The researchers reported that there was no significant difference in the age-related macular degeneration prevalence among the 3 study groups.
A multicenter US study1 revealed that the long-term use of metformin to treat diabetes and lifestyle changes in patients with diabetes were not associated with the risk of age-related macular degeneration (AMD), according to Amitha Domalpally, MD, PhD, from the
Wisconsin Reading Center, Department of Ophthalmology, University of Wisconsin School of Medicine and Public and Health, Madison.
No treatment is currently available for the early stages of AMD, but some retrospective studies2-4 have reported an association between metformin and reduced risk of AMD, the authors explained.
In this follow-up study of the Diabetes Prevention Program,2,5 the Diabetes Prevention Program Outcomes Study (DPPOS), retinal photographs of 1592 patients with diabetes were evaluated 16 years after a randomized clinical trial that investigated diabetes prevention. The study included 549 patients treated with metformin, 514 undergoing lifestyle intervention to prevent diabetes, and 512 control patients in the placebo arm.
The main outcome measure was the prevalence of AMD in the treatment arms.
The researchers reported that there was no significant difference in the AMD prevalence among the 3 study groups, specifically, 152 (29.6%) in the lifestyle arm, 165 (30.2%) in the metformin arm, and 162 (30.7%) in the placebo arm.
They also reported “no differences in the distribution of early, intermediate, and advanced AMD between the intervention groups.” The mean duration of metformin use was similar for those with and without AMD (mean 8.0 vs 8.5 years, respectively; P = .69). The multivariate analysis indicated that a history of smoking was associated with increased risk of development of AMD (odds ratio, 1.30; 95% confidence interval, 1.05-1.61; P = .02).
The investigators conclude there was no link between metformin use and prevalence of AMD.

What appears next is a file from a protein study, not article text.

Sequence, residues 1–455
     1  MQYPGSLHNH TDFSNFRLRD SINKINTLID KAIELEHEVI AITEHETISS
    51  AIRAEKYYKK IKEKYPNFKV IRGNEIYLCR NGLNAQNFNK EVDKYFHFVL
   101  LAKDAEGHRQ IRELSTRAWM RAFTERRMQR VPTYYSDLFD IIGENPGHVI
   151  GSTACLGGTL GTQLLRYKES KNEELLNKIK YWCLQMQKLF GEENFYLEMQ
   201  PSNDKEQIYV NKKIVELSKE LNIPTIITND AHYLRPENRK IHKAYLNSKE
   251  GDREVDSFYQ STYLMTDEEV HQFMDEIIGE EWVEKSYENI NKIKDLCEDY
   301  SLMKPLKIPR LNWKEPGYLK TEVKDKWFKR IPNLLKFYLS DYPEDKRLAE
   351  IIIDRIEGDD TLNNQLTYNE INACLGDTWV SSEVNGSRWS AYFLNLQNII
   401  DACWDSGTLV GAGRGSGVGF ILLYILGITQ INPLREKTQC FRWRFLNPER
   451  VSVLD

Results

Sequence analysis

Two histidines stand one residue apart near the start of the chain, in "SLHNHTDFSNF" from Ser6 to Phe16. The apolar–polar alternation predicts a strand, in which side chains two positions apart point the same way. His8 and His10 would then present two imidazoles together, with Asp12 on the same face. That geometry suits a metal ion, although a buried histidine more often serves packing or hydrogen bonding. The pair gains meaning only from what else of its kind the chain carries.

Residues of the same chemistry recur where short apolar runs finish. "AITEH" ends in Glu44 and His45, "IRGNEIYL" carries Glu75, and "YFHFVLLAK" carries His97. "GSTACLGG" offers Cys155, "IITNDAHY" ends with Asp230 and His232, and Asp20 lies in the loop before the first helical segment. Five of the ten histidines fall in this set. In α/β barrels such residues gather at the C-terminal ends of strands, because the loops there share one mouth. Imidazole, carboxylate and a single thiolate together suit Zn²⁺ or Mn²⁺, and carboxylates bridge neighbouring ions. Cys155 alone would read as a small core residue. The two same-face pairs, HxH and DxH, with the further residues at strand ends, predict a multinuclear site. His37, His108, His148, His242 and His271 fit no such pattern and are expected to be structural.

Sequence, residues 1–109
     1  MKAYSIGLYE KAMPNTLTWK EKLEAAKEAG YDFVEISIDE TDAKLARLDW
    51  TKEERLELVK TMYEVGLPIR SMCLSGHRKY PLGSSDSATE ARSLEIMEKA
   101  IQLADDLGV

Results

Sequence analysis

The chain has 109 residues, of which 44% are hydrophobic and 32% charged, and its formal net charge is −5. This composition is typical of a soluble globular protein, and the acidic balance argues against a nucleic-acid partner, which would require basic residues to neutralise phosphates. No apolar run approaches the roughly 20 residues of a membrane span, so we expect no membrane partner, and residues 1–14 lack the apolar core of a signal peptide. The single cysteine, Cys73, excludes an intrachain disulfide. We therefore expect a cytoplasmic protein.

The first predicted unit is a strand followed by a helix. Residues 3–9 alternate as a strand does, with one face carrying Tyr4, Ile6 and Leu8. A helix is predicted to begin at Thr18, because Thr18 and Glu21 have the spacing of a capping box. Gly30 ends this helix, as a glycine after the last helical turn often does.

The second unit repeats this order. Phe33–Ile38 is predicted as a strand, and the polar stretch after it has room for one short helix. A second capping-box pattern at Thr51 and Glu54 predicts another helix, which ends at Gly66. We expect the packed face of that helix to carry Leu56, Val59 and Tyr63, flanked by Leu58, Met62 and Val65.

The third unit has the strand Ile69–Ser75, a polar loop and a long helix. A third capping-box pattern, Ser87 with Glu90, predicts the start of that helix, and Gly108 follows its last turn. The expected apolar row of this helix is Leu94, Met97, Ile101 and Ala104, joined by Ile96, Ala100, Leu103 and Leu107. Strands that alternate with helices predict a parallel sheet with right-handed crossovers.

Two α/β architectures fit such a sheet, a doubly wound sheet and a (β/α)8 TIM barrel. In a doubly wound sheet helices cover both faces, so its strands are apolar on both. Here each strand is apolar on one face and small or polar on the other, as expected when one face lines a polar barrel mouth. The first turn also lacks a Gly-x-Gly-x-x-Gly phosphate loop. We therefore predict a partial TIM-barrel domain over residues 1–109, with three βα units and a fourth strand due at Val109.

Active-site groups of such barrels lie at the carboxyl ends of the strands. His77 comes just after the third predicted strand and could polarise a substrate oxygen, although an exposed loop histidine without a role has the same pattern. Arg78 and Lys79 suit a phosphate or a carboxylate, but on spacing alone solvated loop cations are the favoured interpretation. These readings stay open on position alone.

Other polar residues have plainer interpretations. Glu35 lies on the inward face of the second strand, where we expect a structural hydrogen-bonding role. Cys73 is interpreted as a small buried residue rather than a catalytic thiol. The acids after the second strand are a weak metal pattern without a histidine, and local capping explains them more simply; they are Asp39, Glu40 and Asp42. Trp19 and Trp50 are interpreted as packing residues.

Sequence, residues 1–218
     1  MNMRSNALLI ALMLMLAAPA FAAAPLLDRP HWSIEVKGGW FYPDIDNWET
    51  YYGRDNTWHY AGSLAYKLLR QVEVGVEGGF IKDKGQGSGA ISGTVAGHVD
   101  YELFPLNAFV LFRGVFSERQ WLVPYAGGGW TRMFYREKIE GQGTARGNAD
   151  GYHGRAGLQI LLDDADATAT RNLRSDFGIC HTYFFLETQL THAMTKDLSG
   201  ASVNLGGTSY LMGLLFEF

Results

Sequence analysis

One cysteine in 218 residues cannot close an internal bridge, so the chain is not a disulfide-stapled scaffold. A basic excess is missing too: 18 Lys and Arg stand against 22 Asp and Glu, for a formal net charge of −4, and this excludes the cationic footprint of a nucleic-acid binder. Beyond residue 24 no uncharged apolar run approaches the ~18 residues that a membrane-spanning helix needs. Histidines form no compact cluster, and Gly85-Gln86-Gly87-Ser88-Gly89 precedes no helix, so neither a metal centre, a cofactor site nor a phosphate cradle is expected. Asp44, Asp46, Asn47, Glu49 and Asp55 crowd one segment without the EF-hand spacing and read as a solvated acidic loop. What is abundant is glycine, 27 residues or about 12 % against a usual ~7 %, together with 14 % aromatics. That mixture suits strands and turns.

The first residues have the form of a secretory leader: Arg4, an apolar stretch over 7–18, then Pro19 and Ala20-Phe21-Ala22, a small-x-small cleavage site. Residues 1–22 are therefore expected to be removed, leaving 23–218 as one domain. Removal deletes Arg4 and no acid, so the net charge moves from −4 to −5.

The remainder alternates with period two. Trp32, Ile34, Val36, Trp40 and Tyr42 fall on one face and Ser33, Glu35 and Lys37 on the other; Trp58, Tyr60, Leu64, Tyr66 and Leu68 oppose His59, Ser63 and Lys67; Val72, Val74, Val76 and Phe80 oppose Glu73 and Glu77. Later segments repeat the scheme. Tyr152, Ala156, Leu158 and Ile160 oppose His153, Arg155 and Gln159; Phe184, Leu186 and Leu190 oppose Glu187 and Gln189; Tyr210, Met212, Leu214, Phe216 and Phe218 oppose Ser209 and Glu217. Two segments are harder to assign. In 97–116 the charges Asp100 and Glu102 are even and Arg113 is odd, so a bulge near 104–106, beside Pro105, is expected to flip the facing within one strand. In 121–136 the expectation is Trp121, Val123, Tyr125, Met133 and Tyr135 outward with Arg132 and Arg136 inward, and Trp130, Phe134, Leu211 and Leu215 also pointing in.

“There was also no association with stages of AMD classified from multimodal imaging, nor was there an association with the duration of metformin use,” they added. “Until randomized data are available, the DPPOS provides strong evidence that does not support the use of metformin in the treatment of any stage of AMD.”
This article originally appeared on Ophthalmology Times.
1. Domalpally A, Whittier SA, Pan Q, et al. for the Diabetes Prevention Program Research (DPPOS) Group.Association of metformin with the development of age-related macular degeneration. JAMA Ophthalmol. Published online December 22, 2022. doi:10.1001/jamaophthalmol.2022.5567
2. Brown EE, Ball JD, Chen Z, Khurshid GS, et al. The common antidiabetic drug metformin reduces odds of developing age-related macular degeneration.Invest Ophthalmol Vis Sci. 2019;60:1470-1477. doi:10.1167/iovs.18-26422
3. Blitzer AL, Ham SA, Colby KA, Skondra D. Association of metformin use with age-related macular degeneration: a case-control study. JAMA Ophthalmol. 2021;139(3):302-309. doi:10.1001/jamaophthalmol.2020.6331
4. Stewart JM, Lamy R, Wu F, Keenan JD. Relationship between oral metformin use and age-related macular degeneration. Ophthalmol Retina. 2020;4(11):1118-1119. doi:10.1016/j.oret.2020.06.003
5. The Diabetes Prevention Program. The Diabetes Prevention Program: design and methods for a clinical trial in the prevention of type 2 diabetes. Diabetes Care. 1999;22:623-634. doi:10.2337/diacare.22.4.623